England v New Zealand, 2nd Investec Test, Headingley, 5th day May 28, 2013

England must end insularity to become great

If England had indicated a greater arrogance born of their total control of the match, there would have been no need for today's weather-led nervousness

It was a tortured process but we got there in the end. A surprisingly generous weather god and two empathetic umpires saw the second Test match to a conclusion. From it came embarrassment for New Zealand and the satisfaction of a job extremely well done by England.

It was a close-run thing and might easily have not worked out so well. The splendid umpires, Marais Erasmus and Steve Davis, of no-nonsense South African and Australian hue respectively, had kept the players at it through murky light on day four and annoying drizzle on the final day. Only clearly unfair conditions took them from the field of play.

There was much to admire in England's performance, not just here but at Lord's too. The hiccup a couple of months back in New Zealand has been sorted. England are firing much as they should and thus will worry the heck out of Michael Clarke and the boys, who had watched in Dunedin and Auckland and thought there were lines to breach.

Outside of Alastair Cook and Graeme Swann, who both played some sublime cricket, it was fresh faces that caught the eye. Joe Root for his original talent. Johnny Bairstow for his intent and Steve Finn for being a no-frills old-fashioned fast bower when England needed just that. The balance in the attack is one of its strengths. That, and the way in which the bowlers sustain their attack on the stumps.

Afterwards, when asked about Jonathan Trott's indifference on Sunday afternoon - he scored 11 from 69 balls - Cook made reference to the "one percenters". His implication was not to dwell on minutia at a time of celebration but to recognise and learn. Fair call, let's do that for a moment.

The captain will now appreciate that there is more than one way to skin the cat. He might have enforced the follow-on on Sunday afternoon but, reasonably enough, he chose not to. He should have declared earlier than he did on Monday afternoon, to give himself the best chance of finishing the game before the predicted rains came. He would not wish to be a slave to the forecasters - Michael Fish put everyone off forever - but if they say it will rain in Yorkshire in May, they are probably right.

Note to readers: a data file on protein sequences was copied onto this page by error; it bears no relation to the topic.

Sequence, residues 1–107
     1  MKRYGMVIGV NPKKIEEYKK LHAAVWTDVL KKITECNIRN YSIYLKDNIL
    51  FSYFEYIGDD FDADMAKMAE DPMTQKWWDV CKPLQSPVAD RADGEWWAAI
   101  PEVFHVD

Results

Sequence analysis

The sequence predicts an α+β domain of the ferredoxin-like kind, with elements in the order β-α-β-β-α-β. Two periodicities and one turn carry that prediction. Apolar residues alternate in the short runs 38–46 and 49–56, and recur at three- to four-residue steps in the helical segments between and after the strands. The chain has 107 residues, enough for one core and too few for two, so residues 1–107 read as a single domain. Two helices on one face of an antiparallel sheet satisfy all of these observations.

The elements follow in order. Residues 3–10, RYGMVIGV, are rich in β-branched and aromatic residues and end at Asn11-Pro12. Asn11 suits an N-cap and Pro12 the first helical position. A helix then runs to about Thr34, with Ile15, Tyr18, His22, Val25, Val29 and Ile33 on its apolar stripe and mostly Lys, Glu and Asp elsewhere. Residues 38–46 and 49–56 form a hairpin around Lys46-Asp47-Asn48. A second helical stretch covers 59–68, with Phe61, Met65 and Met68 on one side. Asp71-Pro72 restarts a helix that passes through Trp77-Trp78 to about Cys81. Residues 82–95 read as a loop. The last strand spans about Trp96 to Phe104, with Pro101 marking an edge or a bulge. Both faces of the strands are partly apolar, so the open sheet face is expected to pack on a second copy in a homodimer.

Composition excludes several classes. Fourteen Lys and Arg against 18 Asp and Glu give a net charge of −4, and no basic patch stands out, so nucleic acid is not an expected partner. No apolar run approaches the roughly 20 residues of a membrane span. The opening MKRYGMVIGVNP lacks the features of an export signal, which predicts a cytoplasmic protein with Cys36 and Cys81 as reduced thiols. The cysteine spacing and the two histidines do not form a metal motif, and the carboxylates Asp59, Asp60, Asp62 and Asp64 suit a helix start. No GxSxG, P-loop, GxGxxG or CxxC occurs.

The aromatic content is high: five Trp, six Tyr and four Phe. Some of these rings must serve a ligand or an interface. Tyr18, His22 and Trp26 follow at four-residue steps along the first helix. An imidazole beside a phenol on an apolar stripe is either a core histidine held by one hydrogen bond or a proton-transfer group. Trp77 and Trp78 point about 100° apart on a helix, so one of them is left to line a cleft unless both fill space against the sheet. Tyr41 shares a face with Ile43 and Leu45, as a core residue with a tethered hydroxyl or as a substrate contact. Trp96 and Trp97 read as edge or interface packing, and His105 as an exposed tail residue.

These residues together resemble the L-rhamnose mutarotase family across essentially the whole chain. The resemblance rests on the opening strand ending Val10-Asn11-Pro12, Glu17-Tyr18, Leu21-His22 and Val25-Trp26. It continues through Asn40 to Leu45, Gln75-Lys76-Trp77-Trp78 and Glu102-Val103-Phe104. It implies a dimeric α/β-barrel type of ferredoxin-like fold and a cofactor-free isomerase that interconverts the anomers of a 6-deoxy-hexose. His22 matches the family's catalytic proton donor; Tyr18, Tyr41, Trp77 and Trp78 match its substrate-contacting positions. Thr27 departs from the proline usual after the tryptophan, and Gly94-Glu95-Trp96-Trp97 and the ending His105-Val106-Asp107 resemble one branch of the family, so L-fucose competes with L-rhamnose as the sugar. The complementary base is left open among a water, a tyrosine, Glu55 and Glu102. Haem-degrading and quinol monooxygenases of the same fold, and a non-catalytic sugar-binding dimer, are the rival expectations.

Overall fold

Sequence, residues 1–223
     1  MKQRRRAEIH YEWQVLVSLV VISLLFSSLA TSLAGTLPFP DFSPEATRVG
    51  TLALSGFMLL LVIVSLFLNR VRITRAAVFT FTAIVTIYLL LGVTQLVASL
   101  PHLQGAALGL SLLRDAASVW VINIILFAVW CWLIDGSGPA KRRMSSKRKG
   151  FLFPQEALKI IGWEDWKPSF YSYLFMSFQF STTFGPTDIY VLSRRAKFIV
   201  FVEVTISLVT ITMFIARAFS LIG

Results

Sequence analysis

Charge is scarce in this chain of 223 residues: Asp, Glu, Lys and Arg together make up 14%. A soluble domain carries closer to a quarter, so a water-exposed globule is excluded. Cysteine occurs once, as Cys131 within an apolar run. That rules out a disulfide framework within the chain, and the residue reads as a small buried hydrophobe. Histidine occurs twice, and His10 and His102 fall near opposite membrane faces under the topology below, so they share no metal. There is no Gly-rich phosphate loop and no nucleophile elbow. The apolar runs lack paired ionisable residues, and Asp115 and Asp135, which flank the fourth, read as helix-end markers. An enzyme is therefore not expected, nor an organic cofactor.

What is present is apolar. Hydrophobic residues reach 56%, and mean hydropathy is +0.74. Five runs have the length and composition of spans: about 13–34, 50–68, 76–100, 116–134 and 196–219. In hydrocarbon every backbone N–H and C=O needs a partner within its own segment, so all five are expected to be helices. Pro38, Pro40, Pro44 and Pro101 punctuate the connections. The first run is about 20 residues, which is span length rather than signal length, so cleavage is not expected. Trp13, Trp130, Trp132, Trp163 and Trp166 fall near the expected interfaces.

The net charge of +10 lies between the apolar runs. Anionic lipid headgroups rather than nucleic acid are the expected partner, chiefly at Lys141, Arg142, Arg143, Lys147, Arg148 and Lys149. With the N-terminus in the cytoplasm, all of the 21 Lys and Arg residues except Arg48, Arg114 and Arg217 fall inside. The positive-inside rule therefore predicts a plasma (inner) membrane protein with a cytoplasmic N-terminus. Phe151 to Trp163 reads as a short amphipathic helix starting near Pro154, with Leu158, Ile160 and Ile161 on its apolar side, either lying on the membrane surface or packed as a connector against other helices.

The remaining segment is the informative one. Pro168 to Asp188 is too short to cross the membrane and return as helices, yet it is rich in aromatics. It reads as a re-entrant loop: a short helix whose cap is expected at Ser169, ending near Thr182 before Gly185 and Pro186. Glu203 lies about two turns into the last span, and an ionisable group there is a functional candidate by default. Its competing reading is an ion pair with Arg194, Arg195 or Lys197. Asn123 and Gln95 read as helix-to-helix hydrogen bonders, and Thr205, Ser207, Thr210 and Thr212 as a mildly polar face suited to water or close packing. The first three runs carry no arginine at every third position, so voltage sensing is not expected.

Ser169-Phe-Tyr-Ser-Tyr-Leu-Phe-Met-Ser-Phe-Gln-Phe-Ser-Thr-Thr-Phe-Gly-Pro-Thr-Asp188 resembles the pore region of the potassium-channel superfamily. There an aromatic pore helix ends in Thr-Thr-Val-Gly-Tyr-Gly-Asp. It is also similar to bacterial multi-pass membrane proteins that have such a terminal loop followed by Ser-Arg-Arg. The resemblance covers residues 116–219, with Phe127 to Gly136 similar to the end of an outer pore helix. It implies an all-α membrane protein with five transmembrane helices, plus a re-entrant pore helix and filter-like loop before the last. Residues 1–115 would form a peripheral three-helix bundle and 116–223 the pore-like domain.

First the follow-on. Three good reasons persuaded Cook to bat again. Firstly, protection of his bowlers from burnout. Four man attacks and seven Tests, six of which are back-to-back, mean careful player management. Secondly, modernism - the international captains of the moment love to squeeze every drop of hope from the opposition's portfolio of response. Richie Benaud will not refer to a "declaration" in instances where the game is shut down by the batting side, rather he talks of "closure". And thirdly, ensuring further deterioration of the pitch by batting on it yourself while natural wear and tear takes its course and while the New Zealand bowlers run all over the bits that Swann aims at. There is a fourth reason and not such a good one. We will come to it later.

There is no doubt that Steve Waugh's decision to enforce the follow-on in Kolkata in 2001 - a decision that famously backfired - changed the Australian approach. Waugh liked the term "mental disintegration" and applied it to his tactics as much as to vulnerable members of the opposition. Back then, the game was in thrall of the Australians and most captains followed their lead. Michael Vaughan was not one. He made Ricky Ponting's fine team follow on at Trent Bridge in 2005, a brave move that worked out well in the end - though not without Shane Warne's Herculean effort to embarrass him.